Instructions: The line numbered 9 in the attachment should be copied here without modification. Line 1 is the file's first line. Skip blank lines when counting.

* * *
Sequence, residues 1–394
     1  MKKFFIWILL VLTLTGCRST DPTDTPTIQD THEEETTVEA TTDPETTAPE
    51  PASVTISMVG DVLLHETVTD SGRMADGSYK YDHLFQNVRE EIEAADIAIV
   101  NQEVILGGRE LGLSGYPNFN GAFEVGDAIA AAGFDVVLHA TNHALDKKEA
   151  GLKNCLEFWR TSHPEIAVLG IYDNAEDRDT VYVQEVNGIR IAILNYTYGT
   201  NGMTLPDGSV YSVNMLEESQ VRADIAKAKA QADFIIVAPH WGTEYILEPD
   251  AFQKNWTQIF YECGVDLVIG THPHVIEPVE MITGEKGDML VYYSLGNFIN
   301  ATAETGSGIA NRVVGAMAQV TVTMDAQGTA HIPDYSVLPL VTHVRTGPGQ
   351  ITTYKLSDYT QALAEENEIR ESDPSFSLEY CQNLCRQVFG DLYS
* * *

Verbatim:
   351  ITTYKLSDYT QALAEENEIR ESDPSFSLEY CQNLCRQVFG DLYS